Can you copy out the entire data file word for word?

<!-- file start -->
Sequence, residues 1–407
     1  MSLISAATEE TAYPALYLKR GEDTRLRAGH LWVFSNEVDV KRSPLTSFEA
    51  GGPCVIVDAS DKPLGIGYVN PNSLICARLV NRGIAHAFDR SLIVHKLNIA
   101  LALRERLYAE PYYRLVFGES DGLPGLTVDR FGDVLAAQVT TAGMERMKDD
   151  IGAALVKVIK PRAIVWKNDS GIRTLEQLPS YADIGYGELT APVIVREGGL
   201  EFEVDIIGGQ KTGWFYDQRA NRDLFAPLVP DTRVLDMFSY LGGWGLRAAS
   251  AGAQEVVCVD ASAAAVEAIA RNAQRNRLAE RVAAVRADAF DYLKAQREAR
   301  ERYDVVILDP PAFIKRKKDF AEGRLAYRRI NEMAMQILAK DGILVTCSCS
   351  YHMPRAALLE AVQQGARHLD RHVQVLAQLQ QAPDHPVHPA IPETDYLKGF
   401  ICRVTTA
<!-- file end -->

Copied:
Sequence, residues 1–407
     1  MSLISAATEE TAYPALYLKR GEDTRLRAGH LWVFSNEVDV KRSPLTSFEA
    51  GGPCVIVDAS DKPLGIGYVN PNSLICARLV NRGIAHAFDR SLIVHKLNIA
   101  LALRERLYAE PYYRLVFGES DGLPGLTVDR FGDVLAAQVT TAGMERMKDD
   151  IGAALVKVIK PRAIVWKNDS GIRTLEQLPS YADIGYGELT APVIVREGGL
   201  EFEVDIIGGQ KTGWFYDQRA NRDLFAPLVP DTRVLDMFSY LGGWGLRAAS
   251  AGAQEVVCVD ASAAAVEAIA RNAQRNRLAE RVAAVRADAF DYLKAQREAR
   301  ERYDVVILDP PAFIKRKKDF AEGRLAYRRI NEMAMQILAK DGILVTCSCS
   351  YHMPRAALLE AVQQGARHLD RHVQVLAQLQ QAPDHPVHPA IPETDYLKGF
   401  ICRVTTA